Erectile Dysfunction

Erectile dysfunction (ED), or impotence, is defined as the persistent inability to achieve or maintain a penile erection sufficient for satisfactory sexual performance. The typical patient is at least 50 years old, is usually married or in a long-term monogamous relationship, and has had a year or more of gradually progressive ED. Often he is otherwise in good mental and physical health. Because penile erection is a neurovascular phenomenon, however, there are a number of neurologic and vascular conditions that can lead to ED. Vascular disease such as atherosclerotic stenosis or occlusion of the cavernosal arteries, or vascular problems secondary to smoking, can cause ED. Antihypertensives, antidepressants, antiandrogens, histamine type 2 (H2) receptor blockers, and recreational drugs are commonly associated with ED. Diabetes, hypertension, hyperlipidemia, and alcohol use are risk factors in ED. ED frequently provides insight into the patient's emotional problems.

A delicate approach must be taken. It is necessary to use tact and appropriate language that will be understood by the patient. Explaining that ED is a common problem often sets the tone. Deep-seated problems necessitate careful questioning. The interviewer may discover latent homosexuality;guilt and taboos experienced early in life may have left a lasting impression, affecting sexual performance. It is most important to classify the origin of the ED, because there are specific therapies for different causes.

Start by asking some of the following questions:

''If you were to spend the rest of your life with your sexual function just the way it is now, how would you feel about that?''

''Are you satisfied with your sexual function?'' If not, ' 'What are the reasons?''

What is your relationship status? Is it a happy one?''

''Is your partner satisfied with your sexual function?'' If not, ' 'What are the reasons?''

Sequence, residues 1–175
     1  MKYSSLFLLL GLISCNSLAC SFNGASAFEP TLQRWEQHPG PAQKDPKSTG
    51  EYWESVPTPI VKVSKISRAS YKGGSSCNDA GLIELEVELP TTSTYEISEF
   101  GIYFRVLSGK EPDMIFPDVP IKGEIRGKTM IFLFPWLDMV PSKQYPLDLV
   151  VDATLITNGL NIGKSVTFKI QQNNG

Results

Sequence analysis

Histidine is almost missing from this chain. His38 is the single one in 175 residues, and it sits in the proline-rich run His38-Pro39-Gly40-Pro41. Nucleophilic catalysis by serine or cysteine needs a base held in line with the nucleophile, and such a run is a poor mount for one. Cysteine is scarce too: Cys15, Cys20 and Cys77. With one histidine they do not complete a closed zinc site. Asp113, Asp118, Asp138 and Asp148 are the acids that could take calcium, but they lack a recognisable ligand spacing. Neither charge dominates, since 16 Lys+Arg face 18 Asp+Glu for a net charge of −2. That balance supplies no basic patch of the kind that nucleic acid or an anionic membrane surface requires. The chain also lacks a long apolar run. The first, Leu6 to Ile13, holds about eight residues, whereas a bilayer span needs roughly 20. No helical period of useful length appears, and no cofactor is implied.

When was the last time you had a satisfactory erection?''

''Over the last 4 weeks, how would you rate your confidence that you could get and keep an erection?''

When you had erections with sexual stimulation, how often were your erections hard enough for penetration (entering your partner)?''

During sexual intercourse, how often were you able to maintain your erection after you had penetrated (entered) your partner?''

During sexual intercourse, how difficult was it to maintain your erection to completion of intercourse?''

A careful history is the most essential component in the evaluation of ED. Key and direct questions are important:

' 'How much do/did you enjoy sexual intercourse?''

''When you have sexual stimulation or intercourse, how often do you ejaculate?'' How easily can you reach an orgasm (climax)?'' How strong is your sex drive?'' ''How easily are you sexually aroused?'' ''Are your orgasms satisfying?''

Some other questions may help determine the cause of ED. Psychogenic causes for ED should be suspected in men who have a history of unusual anxiety, stress, or sexual abuse or in those with ethnic, cultural, sexual, or religious inhibitions. ED is often psychogenic in men younger than 40 years. Ask the following questions:

' 'Do you have early morning erections or nighttime emissions?'' ''Do any individuals other than your partner arouse you?'' ''Are you able to masturbate to an erection or climax?''

An affirmative answer to any of these questions reassures the interviewer that the ED is probably psychologic in origin. Letting the patient discuss his problems may allow him to vent some of his anxieties, but the patient's confidence must first be secured by guaranteeing confidentiality. The interviewer must also resolve his or her own sexual anxieties in order to have a confident and straightforward discussion. An open dialogue about the anxieties surrounding sexual intercourse may be productive. The interviewer must be careful not to impose his or her own moral standards on the patient, however. Improving communication between partners is also helpful.

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